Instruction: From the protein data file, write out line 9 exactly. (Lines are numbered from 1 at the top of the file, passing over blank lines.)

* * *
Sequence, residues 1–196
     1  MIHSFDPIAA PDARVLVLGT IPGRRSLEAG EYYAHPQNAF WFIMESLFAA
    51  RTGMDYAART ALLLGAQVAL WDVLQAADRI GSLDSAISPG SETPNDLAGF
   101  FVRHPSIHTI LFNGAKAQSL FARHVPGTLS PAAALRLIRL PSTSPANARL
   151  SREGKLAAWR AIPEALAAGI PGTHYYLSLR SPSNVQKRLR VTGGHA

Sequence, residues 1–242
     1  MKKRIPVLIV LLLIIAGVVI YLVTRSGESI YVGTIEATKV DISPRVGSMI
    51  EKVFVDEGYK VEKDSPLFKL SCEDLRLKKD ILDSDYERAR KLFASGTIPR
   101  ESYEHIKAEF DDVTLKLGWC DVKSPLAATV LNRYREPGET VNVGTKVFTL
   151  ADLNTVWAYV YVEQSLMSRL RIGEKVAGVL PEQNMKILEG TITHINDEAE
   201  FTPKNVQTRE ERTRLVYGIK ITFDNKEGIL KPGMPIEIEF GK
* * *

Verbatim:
   101  ESYEHIKAEF DDVTLKLGWC DVKSPLAATV LNRYREPGET VNVGTKVFTL